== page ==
American Antiquarian Society

Last updated

American Antiquarian Society
American antiq soc seal.svg
WorcesterMA AntiquarianSociety 2.jpg
View of Antiquarian Hall from the corner of Salisbury St. and Park Ave
American Antiquarian Society
42°16′38″N71°48′39″W / 42.27722°N 71.81083°W / 42.27722; -71.81083
Location185 Salisbury Street,
Worcester, Massachusetts, United States
Established1812;212 years ago (1812)
Architect(s) Winslow, Bigelow & Wadsworth
Size4 million
Access and use
Population served1,052 (Membership, 2016)
Other information
DirectorScott E. Casper
American Antiquarian Society
USA Massachusetts location map.svg
Red pog.svg
Usa edcp location map.svg
Red pog.svg
Area1.8 acres (7,300 m2)
Architectural styleColonial Revival
NRHP reference No. 68000018
Significant dates
Added to NRHPNovember 24, 1968 [1]
Designated NHLNovember 24, 1968 [2]

The American Antiquarian Society (AAS), located in Worcester, Massachusetts, is both a learned society and a national research library of pre-twentieth-century American history and culture. Founded in 1812, it is the oldest historical society in the United States with a national focus. [3] Its main building, known as Antiquarian Hall, is a U.S. National Historic Landmark in recognition of this legacy. [4] The mission of the AAS is to collect, preserve and make available for study all printed records of what is now known as the United States of America. This includes materials from the first European settlement through the year 1876. [5]


The AAS offers programs for professional scholars, pre-collegiate, undergraduate and graduate students, educators, professional artists, writers, genealogists, and the general public. [6]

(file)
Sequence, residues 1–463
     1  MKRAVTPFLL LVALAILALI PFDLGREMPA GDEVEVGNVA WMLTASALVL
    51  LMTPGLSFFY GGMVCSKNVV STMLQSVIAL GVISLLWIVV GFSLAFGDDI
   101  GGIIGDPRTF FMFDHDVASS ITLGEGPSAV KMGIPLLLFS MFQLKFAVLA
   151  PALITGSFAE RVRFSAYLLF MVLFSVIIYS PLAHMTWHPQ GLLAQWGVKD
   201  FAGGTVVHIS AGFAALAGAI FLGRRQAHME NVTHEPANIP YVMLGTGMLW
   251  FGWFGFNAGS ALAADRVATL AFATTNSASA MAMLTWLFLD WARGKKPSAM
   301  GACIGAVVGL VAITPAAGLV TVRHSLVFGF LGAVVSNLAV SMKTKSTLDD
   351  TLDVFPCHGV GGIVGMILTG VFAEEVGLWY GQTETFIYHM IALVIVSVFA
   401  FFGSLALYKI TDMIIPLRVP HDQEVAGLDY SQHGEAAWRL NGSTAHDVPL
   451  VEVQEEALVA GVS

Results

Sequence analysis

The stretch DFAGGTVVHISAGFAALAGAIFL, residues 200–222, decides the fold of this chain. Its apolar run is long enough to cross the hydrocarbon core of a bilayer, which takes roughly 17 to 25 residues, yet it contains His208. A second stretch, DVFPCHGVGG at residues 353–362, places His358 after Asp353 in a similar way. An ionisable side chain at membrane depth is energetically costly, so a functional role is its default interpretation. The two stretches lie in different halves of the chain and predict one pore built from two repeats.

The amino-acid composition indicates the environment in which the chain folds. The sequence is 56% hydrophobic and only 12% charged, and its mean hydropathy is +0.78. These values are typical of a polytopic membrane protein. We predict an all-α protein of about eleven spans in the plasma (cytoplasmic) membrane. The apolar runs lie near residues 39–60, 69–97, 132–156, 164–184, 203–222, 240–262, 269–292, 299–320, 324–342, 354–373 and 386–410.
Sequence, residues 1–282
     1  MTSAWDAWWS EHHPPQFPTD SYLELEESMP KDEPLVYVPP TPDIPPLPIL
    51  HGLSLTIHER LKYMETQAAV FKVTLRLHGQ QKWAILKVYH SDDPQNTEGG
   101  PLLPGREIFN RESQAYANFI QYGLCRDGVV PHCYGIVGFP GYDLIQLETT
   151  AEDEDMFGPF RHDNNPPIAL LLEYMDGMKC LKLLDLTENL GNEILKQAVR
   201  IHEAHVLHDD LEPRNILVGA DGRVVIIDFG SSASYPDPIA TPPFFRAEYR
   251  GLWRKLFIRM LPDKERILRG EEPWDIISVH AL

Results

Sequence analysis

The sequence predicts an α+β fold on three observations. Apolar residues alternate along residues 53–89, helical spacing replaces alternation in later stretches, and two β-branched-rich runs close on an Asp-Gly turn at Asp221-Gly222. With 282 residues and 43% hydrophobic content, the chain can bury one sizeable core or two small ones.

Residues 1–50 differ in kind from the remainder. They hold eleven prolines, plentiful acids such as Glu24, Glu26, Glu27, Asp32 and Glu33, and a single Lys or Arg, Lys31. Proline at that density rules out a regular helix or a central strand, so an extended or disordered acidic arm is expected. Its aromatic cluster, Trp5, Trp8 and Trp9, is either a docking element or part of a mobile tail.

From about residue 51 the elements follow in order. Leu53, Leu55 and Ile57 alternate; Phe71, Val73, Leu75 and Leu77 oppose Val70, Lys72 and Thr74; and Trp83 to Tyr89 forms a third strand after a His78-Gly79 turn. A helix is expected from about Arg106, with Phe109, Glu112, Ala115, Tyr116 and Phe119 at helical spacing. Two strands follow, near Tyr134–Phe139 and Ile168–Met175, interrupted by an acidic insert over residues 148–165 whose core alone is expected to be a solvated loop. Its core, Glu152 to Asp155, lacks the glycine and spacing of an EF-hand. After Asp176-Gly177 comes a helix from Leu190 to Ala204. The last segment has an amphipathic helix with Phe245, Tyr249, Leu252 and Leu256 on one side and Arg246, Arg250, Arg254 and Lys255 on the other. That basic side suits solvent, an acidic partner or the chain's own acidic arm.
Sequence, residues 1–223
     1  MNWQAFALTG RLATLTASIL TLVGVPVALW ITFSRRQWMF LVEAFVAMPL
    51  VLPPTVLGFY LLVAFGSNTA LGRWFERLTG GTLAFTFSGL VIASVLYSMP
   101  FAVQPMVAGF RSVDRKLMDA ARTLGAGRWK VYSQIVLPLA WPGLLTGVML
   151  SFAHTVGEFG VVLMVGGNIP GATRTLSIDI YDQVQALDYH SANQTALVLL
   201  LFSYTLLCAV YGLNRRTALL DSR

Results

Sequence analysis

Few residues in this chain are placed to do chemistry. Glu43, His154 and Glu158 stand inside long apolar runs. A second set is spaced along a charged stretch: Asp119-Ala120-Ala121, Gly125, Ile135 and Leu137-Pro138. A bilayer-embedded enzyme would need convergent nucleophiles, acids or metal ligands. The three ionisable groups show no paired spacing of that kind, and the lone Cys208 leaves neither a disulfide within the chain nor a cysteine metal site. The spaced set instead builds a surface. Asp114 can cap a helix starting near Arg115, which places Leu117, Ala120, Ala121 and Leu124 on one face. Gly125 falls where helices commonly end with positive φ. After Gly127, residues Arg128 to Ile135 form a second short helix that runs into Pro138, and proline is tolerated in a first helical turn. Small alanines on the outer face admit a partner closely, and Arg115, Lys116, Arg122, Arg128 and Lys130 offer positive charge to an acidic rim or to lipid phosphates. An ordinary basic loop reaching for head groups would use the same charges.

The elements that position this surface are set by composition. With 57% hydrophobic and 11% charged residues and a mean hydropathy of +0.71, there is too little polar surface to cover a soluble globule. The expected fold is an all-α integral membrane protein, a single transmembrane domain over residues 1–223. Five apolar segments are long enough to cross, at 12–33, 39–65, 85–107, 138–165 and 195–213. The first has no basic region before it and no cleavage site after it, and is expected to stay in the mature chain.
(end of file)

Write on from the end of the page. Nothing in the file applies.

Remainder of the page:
The collections of the AAS contain over four million books, pamphlets, newspapers, periodicals, graphic arts materials and manuscripts. The Society is estimated to hold copies of two-thirds of the total books known to have been printed in what is now the United States from the establishment of the first press in 1640 through the year 1820; many of these volumes are exceedingly rare and a number of them are unique. [7] Historic materials from all fifty U.S. states, most of Canada and the British West Indies are included in the AAS repository. One of the more famous volumes held by the Society is a copy of the first book printed in America, the Bay Psalm Book. [8] AAS has one of the largest collections of newspapers printed in America through 1876, with more than two million issues in its collection. [9] Its collections contain the first American women's magazine edited by a woman, The Humming Bird, or Herald of Taste. [10] The collection also contains over 60,000 pieces of sheet music, over 300 games (including puzzles, board games, and cards), a large historical pottery collection, extensive New England diaries and personal papers, a diverse collection of photographs dating from the 1830s to the 1920s, and children's literature dating back to the 1650s. [11]